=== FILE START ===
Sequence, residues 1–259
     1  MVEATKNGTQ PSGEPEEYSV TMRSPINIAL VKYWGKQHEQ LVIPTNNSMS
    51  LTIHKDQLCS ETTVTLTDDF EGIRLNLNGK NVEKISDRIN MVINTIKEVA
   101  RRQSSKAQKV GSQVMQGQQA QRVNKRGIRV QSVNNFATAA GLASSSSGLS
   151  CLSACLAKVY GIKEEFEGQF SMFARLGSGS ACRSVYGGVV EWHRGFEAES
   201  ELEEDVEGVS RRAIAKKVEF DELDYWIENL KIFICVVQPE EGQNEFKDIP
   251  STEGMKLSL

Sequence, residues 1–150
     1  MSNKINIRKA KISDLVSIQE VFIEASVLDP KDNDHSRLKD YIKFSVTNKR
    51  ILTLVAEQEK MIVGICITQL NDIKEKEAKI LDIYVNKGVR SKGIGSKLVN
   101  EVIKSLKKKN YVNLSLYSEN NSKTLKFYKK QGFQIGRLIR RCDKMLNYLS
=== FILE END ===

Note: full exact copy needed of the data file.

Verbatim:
Sequence, residues 1–259
     1  MVEATKNGTQ PSGEPEEYSV TMRSPINIAL VKYWGKQHEQ LVIPTNNSMS
    51  LTIHKDQLCS ETTVTLTDDF EGIRLNLNGK NVEKISDRIN MVINTIKEVA
   101  RRQSSKAQKV GSQVMQGQQA QRVNKRGIRV QSVNNFATAA GLASSSSGLS
   151  CLSACLAKVY GIKEEFEGQF SMFARLGSGS ACRSVYGGVV EWHRGFEAES
   201  ELEEDVEGVS RRAIAKKVEF DELDYWIENL KIFICVVQPE EGQNEFKDIP
   251  STEGMKLSL

Sequence, residues 1–150
     1  MSNKINIRKA KISDLVSIQE VFIEASVLDP KDNDHSRLKD YIKFSVTNKR
    51  ILTLVAEQEK MIVGICITQL NDIKEKEAKI LDIYVNKGVR SKGIGSKLVN
   101  EVIKSLKKKN YVNLSLYSEN NSKTLKFYKK QGFQIGRLIR RCDKMLNYLS